“If the defendant does not bring the 13-year-old with him, if he doesn’t bring his gun with him while on gun offender probation, if he doesn’t shoot that gun seven to eight times on a city street with the victim standing in arms length of him while he’s firing those shots … none of it would have happened,” Murphy said.
Toledo’s right hand had gunshot residue on it. The shell casings found from where Roman had been firing the gun matched the Ruger found near Toledo after he was shot, Murphy said. Prosecutors did not say at what point the gun ended up with Toledo.
Roman gave a fake name for Toledo after he was arrested, which police previously said delayed them in identifying the seventh-grader, who was not carrying identification. Toledo’s mother was not notified about her son’s death for another two days after police identified him through a closed missing persons case from days earlier.
Roman must put up $15,000 in order to leave jail and must be on electronic monitoring if he is released. His public defender also said there was no evidence Roman was wearing the red gloves prosecutors allege he dropped at the scene.
Toledo died “at the hand of the Chicago police, not my client,” Roman’s attorney said.
Roman is scheduled to appear next in court April 19.
Attorneys for Toledo’s family said they listened in on the bond hearing and did not previously know of the prosecutors allegations against Roman.
“Until we see all of the videos and examine the evidence for ourselves, we are not in a position to comment,” they said in a statement.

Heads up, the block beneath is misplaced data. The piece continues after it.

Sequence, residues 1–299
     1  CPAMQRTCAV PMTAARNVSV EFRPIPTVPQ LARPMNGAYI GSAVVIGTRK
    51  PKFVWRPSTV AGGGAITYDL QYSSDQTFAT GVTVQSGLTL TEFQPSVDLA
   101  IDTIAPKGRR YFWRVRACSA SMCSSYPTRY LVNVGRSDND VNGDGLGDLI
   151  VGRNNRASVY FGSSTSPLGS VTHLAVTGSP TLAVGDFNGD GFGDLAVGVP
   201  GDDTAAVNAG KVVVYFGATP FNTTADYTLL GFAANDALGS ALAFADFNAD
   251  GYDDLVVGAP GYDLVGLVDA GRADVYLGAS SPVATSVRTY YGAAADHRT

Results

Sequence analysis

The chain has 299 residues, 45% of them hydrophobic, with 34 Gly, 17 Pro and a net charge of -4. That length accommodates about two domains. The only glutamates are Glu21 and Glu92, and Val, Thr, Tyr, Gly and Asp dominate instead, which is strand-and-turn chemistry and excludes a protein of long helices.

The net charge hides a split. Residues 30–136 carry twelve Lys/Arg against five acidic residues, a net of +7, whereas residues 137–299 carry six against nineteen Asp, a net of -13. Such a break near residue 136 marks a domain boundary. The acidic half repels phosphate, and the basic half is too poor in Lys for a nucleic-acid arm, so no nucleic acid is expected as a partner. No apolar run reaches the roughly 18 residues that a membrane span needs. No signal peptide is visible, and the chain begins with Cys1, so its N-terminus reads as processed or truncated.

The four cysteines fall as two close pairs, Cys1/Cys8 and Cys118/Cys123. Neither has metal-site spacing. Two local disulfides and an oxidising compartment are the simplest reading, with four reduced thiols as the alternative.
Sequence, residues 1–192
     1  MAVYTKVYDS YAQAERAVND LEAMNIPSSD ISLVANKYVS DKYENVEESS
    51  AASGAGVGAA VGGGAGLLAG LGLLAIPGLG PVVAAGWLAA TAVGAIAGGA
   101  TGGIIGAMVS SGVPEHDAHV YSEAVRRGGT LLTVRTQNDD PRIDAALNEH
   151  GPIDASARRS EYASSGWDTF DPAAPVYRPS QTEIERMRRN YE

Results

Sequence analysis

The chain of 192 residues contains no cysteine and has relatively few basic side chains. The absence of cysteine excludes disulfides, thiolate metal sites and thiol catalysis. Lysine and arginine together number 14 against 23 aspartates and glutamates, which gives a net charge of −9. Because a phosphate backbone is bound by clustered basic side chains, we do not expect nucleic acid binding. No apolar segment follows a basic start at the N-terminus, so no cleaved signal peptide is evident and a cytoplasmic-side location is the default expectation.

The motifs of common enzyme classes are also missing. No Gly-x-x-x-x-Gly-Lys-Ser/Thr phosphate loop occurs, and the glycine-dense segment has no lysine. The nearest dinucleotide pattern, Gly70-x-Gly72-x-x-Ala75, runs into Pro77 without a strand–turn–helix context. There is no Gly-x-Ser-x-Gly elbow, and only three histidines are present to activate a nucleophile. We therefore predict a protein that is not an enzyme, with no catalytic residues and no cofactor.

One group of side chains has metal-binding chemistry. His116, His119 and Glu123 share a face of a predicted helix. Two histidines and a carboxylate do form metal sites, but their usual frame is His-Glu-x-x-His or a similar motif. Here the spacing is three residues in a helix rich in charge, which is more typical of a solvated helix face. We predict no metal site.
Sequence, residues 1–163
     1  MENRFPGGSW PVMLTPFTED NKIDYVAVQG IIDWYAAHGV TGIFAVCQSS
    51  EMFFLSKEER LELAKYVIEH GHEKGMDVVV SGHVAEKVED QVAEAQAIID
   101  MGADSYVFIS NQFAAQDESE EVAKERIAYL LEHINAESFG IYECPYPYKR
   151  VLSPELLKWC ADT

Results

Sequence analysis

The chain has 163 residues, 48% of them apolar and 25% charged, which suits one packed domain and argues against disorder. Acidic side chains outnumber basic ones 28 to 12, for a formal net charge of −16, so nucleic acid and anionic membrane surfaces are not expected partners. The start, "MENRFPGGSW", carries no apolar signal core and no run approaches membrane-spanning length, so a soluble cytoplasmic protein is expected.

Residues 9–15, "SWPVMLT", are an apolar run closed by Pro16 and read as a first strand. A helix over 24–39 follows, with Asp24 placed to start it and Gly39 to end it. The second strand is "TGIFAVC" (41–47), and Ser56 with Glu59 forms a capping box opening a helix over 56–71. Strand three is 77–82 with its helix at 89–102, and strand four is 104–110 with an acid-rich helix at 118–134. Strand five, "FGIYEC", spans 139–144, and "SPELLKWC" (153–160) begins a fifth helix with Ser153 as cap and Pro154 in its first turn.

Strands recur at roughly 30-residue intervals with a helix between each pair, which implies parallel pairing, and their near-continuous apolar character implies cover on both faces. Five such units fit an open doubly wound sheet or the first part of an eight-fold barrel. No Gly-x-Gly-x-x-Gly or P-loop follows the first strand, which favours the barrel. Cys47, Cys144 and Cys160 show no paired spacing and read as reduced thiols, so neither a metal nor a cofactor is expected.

The shooting is being investigated by the Civilian Office of Police Accountability. The officers involved have been placed on administrative duty for 30 days.
Toledo’s family is expected to view footage of the shooting sometime next week, according to their attorneys. A specific day was not disclosed.
City officials have committed to releasing the footage publicly but not until after Toledo’s family has seen it first.
At a press conference Saturday, Mayor Lori Lightfoot, who said she still hasn’t watched the video, said the public release of the footage will help shed light on what happened that night.
“I think it will only help debase a lot of urban myths that have sprung up in the void, but I want to be clear from what’s been described to me, it is going to be a very tough video for people to watch,” she said.
Earlier this week, Police Supt. David Brown refused to answer questions about whether Roman or Toledo had a gun. Lightfoot, however, repeatedly said Toledo had a gun, though she did not initially explain how she knew that.
Lightfoot said the city will use all its resources to track down the origins of the gun and prosecute whoever was responsible for it getting to a child.
“We must take this tragedy as a seminal moment and target all of the factors that allowed it to happen in the first place,” Lightfoot said. “Let’s be clear: An adult put a gun in a child’s hand. A young, impressionable child, and one who should not have been provided with lethal force, a weapon that could — and did — irrevocably change the course of his life. … It’s way past time for us to say, ‘No more.’”
Lawyers for the family said Toledo was buried in a private funeral Friday.